Indianapolis Police Department Enhances Fingerprint Identification System

Integrated palmprint matching ensures higher success rate.

by / April 20, 2004
INDIANAPOLIS -- The Indianapolis Police Department's (IPD) recently enhanced its fingerprint identification system by integrating palmprint matching technology.

The expanded system, which integrates NEC Solutions America's (NECSAM) automated palmprint matching capability into a previously existing NECSAM Automated Fingerprint Identification System (AFIS), became fully operational approximately six months ago. Since deploying the palmprint matching capability, the integrated system has yielded 119 "hits," or matches of latent palmprint searches.

The hit rate is particularly impressive because of the disproportionate sizes of the two databases. IPD's existing NEC AFIS database, which went online in 1992, currently contains 320,000 records, while the six-month-old palmprint database includes 19,000 records.

"The automated palmprint integration has identified criminals from cold and unresolved crimes," said Captain Donald Bee, branch commander of Identification and Records for IPD. "I am confident that with this integration, we will get accurate results on latent palmprints. When you consider the size of our database, our hit rate is outstanding thus far."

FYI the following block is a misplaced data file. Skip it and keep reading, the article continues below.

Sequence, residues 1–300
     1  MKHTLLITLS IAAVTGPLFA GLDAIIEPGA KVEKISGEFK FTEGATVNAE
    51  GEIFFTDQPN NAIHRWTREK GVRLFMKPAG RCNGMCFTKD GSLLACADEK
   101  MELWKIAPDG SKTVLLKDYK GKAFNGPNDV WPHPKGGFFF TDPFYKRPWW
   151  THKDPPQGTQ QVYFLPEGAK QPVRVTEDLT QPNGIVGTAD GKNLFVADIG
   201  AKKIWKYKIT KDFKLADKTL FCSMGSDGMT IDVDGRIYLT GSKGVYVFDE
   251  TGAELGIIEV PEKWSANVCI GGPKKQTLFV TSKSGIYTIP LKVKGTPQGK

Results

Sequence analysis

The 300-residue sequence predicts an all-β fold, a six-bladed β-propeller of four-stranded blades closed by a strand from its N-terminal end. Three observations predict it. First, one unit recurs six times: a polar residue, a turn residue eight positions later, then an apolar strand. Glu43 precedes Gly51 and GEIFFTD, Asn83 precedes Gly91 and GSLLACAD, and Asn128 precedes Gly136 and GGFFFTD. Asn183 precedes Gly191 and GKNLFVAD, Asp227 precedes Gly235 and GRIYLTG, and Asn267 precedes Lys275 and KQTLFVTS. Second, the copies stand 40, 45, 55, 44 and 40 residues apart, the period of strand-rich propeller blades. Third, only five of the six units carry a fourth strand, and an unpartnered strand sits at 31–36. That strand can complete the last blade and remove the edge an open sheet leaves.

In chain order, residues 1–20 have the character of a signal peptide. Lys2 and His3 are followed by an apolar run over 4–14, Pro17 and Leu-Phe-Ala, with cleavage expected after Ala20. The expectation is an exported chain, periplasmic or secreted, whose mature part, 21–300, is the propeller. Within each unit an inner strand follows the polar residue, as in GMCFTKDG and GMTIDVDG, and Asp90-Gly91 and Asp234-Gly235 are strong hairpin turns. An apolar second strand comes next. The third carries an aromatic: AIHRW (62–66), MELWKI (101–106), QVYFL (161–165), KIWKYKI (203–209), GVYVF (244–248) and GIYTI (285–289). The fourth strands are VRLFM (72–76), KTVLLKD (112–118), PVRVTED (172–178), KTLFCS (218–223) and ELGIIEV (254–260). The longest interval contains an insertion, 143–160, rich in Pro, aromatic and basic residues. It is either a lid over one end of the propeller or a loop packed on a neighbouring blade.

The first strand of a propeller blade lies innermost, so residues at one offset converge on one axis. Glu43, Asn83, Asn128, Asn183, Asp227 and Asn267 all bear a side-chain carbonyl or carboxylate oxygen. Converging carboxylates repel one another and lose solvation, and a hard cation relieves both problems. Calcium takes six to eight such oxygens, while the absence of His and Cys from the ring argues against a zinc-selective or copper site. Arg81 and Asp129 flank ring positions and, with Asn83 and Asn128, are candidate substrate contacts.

The integrated palmprint and fingerprint system digitally files the two palmprints from each subject and allows forensic specialists to search crime scene prints that were left from the palm portion of the hand against the database. The AFIS digitally stores the fingerprints of individuals arrested in Indianapolis, and the forensic unit of IPD then searches crime scene prints (latent prints) against the database to identify suspects for further investigation.

"About 40 percent of the crime scene prints we recover come from the palm portion of the hand, and without NEC's Automated PalmPrint technology, many of those crimes may never be solved or would require substantially more resources to resolve," said IPD's Sergeant Mike Knapp.

On average, approximately 1,500 latent prints are searched annually and more than 32 percent of them are identified against a record on file.
Miriam Jones Chief Copy Editor
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